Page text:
Isaiah 53 Explained: Israel or the Messiah? Part I
When it comes to Messianic Prophecy, Isaiah 53 is king, and there is no queen.
Isaiah’s prophecy is the clearest description that the Hebrew Scriptures offer concerning the identity of the Messiah. The rabbis, since the middle of the 11th century, have claimed this passage is referring to the Jewish people as a whole, but the dominant rabbinical position for centuries was that it spoke of the Messiah. Why the shift? Because the man Isaiah describes fits Yeshua completely.
I have counted nearly 40 predictions in Isaiah 53, and Yeshua fulfilled them all!
The Messiah is a King, not a Suffering Servant, right
This is what I was told as a new believer. When it came to Isaiah 53 that was the party line amongst orthodox leaders I quizzed. “Messiah will come reign, not to be crucified!” I say party line because an honest reading of the passage could not lead to any other conclusion except that he speaks of the Messiah.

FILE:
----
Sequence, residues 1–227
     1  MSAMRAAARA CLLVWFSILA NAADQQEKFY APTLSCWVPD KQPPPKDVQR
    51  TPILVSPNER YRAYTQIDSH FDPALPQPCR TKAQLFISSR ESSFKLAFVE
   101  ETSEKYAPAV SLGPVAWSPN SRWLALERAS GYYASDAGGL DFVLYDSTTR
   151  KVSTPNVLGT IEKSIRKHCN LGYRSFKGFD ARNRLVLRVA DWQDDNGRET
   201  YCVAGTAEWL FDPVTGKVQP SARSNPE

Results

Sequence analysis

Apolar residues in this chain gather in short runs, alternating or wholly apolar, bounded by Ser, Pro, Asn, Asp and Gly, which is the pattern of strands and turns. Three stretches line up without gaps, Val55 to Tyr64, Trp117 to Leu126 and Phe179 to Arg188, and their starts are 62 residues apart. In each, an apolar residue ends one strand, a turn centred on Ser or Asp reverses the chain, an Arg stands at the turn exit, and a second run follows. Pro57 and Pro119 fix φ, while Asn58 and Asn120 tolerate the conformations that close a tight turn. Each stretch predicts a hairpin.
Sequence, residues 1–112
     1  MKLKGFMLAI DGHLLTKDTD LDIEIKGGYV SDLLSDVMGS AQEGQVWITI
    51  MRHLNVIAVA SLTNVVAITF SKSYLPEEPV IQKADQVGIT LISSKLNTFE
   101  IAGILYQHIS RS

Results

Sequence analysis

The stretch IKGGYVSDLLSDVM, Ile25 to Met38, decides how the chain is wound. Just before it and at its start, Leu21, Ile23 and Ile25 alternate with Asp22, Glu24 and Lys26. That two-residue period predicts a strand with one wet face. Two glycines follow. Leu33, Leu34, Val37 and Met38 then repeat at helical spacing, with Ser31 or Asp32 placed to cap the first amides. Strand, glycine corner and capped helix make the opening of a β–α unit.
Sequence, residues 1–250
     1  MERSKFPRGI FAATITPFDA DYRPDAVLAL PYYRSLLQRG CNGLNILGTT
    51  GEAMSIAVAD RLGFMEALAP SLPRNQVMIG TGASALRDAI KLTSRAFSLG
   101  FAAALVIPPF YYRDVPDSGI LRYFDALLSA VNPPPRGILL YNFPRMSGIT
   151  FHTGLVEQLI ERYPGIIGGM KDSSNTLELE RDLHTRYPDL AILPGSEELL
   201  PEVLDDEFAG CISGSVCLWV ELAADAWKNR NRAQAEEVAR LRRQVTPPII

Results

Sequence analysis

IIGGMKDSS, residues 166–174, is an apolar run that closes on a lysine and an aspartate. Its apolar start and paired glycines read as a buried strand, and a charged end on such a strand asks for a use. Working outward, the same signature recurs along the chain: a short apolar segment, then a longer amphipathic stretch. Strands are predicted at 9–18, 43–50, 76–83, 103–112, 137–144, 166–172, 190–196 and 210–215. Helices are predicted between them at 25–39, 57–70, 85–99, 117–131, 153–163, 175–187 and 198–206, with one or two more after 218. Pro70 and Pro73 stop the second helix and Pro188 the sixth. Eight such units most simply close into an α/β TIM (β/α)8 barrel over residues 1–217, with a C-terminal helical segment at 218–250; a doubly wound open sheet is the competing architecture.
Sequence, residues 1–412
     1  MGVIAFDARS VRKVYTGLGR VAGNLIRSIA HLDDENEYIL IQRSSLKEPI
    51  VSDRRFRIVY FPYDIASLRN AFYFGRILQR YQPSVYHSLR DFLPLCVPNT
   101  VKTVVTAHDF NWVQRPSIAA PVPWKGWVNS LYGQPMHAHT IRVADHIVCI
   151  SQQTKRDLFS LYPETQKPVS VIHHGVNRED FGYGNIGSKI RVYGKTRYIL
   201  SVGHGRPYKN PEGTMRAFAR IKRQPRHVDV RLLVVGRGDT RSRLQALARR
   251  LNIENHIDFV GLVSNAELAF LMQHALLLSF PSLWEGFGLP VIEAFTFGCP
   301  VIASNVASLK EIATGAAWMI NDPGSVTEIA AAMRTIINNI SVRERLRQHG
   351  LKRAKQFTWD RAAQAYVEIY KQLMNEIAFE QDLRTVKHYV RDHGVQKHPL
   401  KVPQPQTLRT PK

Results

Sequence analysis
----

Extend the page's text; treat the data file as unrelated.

Finally, an orthodox sect admitted this—although they got the person wrong. Some of the followers of the deceased former Lubavitcher Rebbe, Menachem Mendel Schneerson, believe he is the fulfillment of Isaiah 53; that he is the suffering servant and Messiah. And some of his most ardent disciples still expect him to rise from the dead, as Isaiah 53:11 proclaims. This is the first time a Chasidic Jewish stream has been willing to admit the obvious—Isaiah 53 describes the Jewish Messiah.
"Stop Reading from the New Testament!"
When I read Isaiah 53 to a Jewish colleague nearly two decades ago, he yelled at me, “Stop reading from the New Testament!” He was stunned to find out that Isaiah spoke these words about a Jewish man over 700 years before Yeshua was born.
Years ago, back in the days of dial-up internet and CompuServe, I was in an e-mail bulletin board debate with a Jewish man. He claimed Isaiah 53 was not referring to the Messiah, but to the Jewish people, as mentioned above. Part 2 and 3 is my response to him. I never got a reply.
*Originally published Aug. 24, 2012